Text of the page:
At this stage in my collection I look for variety. Truth be told, I have already ticked a lot boxes: a stainless-steel professional Rolex, a high-horology watch with exquisite hand-finishing, divers, GMTs, chronographs etc, so it is hard for me to justify buying more and more of the same. One example: I love the new SLGH005 White Birch from Grand Seiko, but as an owner of the SBGA211 Snowflake, the disciplined collector in me feels that it may not be the best fit for my existing collection. So what would it take for me to buy a Grand Seiko Series 9 9SA5 powered watch? A new dial shade, perhaps. I am okay with buying new takes on familiar formats, but do I really need a Tudor Black Fifty-Eight in black/gilt if I already have a Submariner? I offer this context because I believe this is where Kurono truly excels, re-inventing their Art-Deco designs in new flavours – all while maintaining their approachable price points. Owning the previous anniversary watch, the Kurono Mori, you may think adding a second watch with the same design language would make me hypocritical. But the vibrant new coral-vermillion shade of the Kurono Toki was exactly what I was looking to add to my collection, it’s salmon-adjacent colour high up on my collector’s bucket list.
The Kurono Toki case retains the classic format my wrist truly appreciates, coming in at 37mm in diameter and slender enough to slide under a cuff with absolute ease. The fully mirror polished finish is executed really well, the case practically going black under direct light. When photographing the caseband of the watch, you have to be cognisant of your background because the reflection is so clear it practically reveals a panoramic shot of what is behind the photographer. Its curvaceous case and thin lugs have a timeless appeal, and I feel confident in saying that those uninitiated in the world of Kurono could probably be fooled into thinking it’s a vintage watch.
The dial is every bit the same as the Kurono Mori and other classic models that have preceded it. You have the same gorgeous handset, sunburst finish, concentric metal rings, and railroad minutes track and yet the Toki is also very distinct. This is due to the painstakingly selected coral-vermillion color, meticulously prototyped until the perfect shade was achieved. Its tone pays homage to the feathers of the Japanese crested ibis – 朱鷺色(Toki-iro) – known for its peach-colored hue as it flies overhead.
It is yet another example of Japanese design influenced by nature, which is why I feel guilty at times simplifying its richly rooted design to what the western world may perceive as a salmon dial. The truth is it is not really a salmon dial by conventional standards. The hint of orange is far more subtle than what you would find in say a 5270P from Patek Philippe. What you have instead is a very dynamic dial that conveys aspects of pink, purple, red and orange depending on how the light kisses the dial.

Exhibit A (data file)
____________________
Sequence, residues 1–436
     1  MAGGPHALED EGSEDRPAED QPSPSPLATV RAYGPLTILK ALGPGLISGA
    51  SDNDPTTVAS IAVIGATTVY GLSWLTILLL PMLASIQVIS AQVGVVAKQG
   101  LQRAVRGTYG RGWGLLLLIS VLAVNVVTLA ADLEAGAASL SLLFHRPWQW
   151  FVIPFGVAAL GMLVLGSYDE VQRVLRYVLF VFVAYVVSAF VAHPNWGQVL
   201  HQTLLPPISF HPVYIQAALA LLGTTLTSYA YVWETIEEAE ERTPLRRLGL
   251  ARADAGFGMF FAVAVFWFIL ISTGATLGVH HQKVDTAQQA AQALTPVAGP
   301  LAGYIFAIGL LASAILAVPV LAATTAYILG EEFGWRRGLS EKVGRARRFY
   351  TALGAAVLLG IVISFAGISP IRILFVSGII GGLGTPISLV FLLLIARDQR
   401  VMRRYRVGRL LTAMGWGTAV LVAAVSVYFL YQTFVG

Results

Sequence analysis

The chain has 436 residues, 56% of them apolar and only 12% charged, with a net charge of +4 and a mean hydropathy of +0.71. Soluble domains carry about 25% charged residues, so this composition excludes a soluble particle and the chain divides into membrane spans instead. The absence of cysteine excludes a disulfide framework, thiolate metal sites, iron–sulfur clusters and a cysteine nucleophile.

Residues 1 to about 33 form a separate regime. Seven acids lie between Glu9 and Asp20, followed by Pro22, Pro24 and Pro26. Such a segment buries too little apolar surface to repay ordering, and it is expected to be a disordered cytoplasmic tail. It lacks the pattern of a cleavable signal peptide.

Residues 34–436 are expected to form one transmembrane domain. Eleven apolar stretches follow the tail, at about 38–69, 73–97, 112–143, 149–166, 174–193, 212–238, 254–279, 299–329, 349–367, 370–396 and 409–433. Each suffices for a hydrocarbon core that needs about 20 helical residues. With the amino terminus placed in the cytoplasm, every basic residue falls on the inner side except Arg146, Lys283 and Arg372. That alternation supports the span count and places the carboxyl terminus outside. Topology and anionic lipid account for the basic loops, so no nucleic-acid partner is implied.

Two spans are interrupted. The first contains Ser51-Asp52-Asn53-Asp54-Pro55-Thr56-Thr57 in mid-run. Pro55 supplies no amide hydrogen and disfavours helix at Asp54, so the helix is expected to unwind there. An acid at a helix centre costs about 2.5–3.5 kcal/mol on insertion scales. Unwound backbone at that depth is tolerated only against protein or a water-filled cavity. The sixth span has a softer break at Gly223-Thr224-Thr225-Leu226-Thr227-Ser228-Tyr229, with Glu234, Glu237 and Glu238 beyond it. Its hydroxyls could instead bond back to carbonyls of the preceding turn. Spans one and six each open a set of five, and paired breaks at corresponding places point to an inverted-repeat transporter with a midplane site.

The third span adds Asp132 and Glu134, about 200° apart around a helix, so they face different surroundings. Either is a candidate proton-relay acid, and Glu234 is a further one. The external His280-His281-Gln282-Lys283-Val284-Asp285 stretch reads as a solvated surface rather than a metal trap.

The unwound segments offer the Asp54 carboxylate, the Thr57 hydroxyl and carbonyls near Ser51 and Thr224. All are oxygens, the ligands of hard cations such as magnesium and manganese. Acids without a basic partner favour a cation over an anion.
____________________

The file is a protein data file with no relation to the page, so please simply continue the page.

When I saw the first images of the Kurono Toki, I knew that if I bought it I was going to outfit it on my spare Barenia brown Hermes strap – which would, as silly as it sounds, fill a gap of having a dressier watch that would pair well with brown shoes and a brown belt. I like to match my accessories, resulting in a more tied together look. I think the peachy pink hue of the coral-vermillion color pairs really well with the rich brown of a Barenia Hermes strap, so while the black factory strap is very nice the swap, in my opinion, elevated its aesthetic even further.
What surprised me the most, upon receiving the watch, was how accurate it is when keeping time. My previous Kurono watches all effectively ran at +15 seconds per day, and I had no qualms with that performance from the automatic Miyota 90S5 movement within. My Kurono Toki, however, has been running at COSC-chronometer standards – within -4/+6 seconds a day.
Over almost the course of a month of wear, I have found it running as well as +2/3 seconds per day. This is borderline superlative chronometer standards for a watch that is really more known for its elegant smart-casual meets formal Art-Deco aesthetic. I cannot promise that all Toki’s shipped will maintain a similar level of timekeeping, but it’s fair to say the watchmaker who assembled and regulated my watch was having a good day at the bench.
It is hard for me to deny that, if the product and funds were readily available, I would buy an Explorer, GMT-Master II,and a Daytona for my collection. But that’s the thing: it is just not feasible. It is also rather boring as each are predominantly black dialled offerings (at least in stainless steel), so you are effectively buying an Oyster Perpetual with a different bezel and complication. I have enough sports watches, watches I all truly love to wear so throwing another into the mix would make my arbitrary choice each morning of what to strap to my wrist that much harder. So I try to envision, with each new purchase, how a watch would fit into my collection and wear-roster. Thankfully Kurono continues to excite me with their distinct design DNA annually reinterpreted to introduce colours that you would be hard pressed to find from other brands – or at the very least at its price point of $1,738 USD.